So far, the barrier to entry is pretty low. Spotify is well on its way to stocking the library with creator content and becoming less dependent on the expensive, clunky music business. Thanks in large part to DIY podcast platform Anchor, which Spotify acquired in 2019, the streamer is now home to 4 million podcasts, a fourfold increase since 2020. Now, Spotify is moving into audiobooks, enabling creators to upload their own and allowing listeners to access at least some of them for free. That is a lot of new content to screen, and moderating audio content is notoriously difficult.
Spotify came under heavy criticism earlier this year for the hands-off approach it took to the medical misinformation featured on Joe Rogan’s podcast. While millions listen to Rogan’s podcast, Spotify was heavily criticised earlier this year for its inaction regarding medical misinformation. However, it is much easier for lesser-known podcasts to remain under the radar. Taylor Griffin, spokesperson for Spotify, stated that the company uses a combination human review and technical mechanisms in order to ensure content conforms to platform standards.
There is no easy answer about how to approach moderation, said Citron. Citron said that systems that rely on users reporting harmful content allow a lot to slip through the cracks. AI, however, can be a “blunt instrument” that overlooks contextual clues. She said that she senses they will be trying to find creative ways to prevent harm and ensure trust.
EXCLUSIVE: TED launches new podcast subscription on Apple Podcasts
TED is launching a subscription service for its popular podcasts, called TED Audio Collective Plus. The subscription is exclusive to Apple Podcasts and will allow listeners early access some shows as well as ad-free streaming of other podcasts.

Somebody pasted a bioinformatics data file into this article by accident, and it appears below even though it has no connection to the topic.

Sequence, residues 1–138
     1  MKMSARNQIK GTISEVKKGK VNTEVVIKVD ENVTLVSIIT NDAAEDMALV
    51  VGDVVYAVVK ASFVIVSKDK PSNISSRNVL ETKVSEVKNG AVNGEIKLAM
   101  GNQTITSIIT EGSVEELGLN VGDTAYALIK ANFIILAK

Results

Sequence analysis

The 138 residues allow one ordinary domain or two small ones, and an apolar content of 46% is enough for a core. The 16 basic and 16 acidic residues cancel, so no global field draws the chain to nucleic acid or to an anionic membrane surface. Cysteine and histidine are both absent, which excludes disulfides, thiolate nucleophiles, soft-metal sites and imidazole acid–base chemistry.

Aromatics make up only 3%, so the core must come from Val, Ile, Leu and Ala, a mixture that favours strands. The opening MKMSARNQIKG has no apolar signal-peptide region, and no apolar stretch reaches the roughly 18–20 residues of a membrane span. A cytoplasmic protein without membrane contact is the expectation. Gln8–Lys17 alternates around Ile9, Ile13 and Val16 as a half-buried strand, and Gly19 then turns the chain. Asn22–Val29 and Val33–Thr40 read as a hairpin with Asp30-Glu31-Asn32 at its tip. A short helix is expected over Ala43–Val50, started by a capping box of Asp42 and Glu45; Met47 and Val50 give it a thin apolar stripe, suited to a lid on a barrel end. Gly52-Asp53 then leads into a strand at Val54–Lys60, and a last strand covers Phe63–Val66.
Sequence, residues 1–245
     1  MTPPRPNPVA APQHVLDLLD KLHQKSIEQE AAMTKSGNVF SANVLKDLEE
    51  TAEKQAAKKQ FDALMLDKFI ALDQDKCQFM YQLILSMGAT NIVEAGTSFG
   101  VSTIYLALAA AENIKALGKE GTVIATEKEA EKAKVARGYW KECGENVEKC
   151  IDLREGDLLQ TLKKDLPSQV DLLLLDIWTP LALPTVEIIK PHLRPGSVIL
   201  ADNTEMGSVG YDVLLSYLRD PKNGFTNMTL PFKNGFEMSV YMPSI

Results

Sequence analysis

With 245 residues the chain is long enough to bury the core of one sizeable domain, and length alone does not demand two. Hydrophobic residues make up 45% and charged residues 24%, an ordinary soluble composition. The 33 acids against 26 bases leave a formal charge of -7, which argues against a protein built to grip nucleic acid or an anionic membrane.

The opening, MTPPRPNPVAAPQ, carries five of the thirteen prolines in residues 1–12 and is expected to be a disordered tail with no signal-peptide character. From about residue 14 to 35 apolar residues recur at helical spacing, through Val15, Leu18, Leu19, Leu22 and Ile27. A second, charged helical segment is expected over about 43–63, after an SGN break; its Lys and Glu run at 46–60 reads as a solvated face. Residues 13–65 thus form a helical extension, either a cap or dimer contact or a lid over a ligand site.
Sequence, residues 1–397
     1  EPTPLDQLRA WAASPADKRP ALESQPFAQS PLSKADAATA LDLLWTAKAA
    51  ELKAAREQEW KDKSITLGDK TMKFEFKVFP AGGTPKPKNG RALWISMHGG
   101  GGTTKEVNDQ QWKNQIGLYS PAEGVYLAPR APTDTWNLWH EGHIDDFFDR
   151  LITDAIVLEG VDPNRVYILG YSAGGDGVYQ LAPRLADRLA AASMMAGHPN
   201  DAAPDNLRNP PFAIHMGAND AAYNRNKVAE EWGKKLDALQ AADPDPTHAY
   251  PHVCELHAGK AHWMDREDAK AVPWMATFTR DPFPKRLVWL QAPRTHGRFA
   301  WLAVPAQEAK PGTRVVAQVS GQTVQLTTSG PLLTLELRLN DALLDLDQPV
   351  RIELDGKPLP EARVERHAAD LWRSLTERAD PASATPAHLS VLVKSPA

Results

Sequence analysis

Body Stuff with Dr. Jen Gunter (which is currently TED’s top-ranked show on Apple Podcasts), The TED Interview, and Far Flung with Saleem Reshamwala will be made available to subscribers a week early without ads. A slew of other top shows (but not all) will be ad-free through Audio Collective Plus, including TED Talks Daily, TED Business, and How To Be a Better Human (which is the top TED show on Spotify).
At $4. 99 per month and $49. 99 per year, the pricing for Audio Collective Plus is basically identical to TED’s membership program. But while TED membership includes ad-free listening to TED Talks Daily, it’s more focused on events and community than podcasts. TED claims podcasts will become a larger business. 65 million downloads across its shows), Audio Collective Plus will give the company a chance to bring in paying customers beyond its traditional base.
New Acast partnership will allow podcasters to sell merch, NFTs
Acast announced Tuesday that it is partnering with Spring, a service that helps content creators make their own online stores. The new partnership will enable Acast’s podcasters to sell traditional merchandise like T-shirts and tote bags (the audio industry simply loves a tote bag) or even branch out into the riskier world of NFTs.
Acast has launched a pilot program with 11 of its shows, including Do Go On and Goes Without Saying. It seems that most stores have opted for the traditional merch route, which seems wise considering how the NFT market is faring.
That’s all for today! Enjoy a normal week.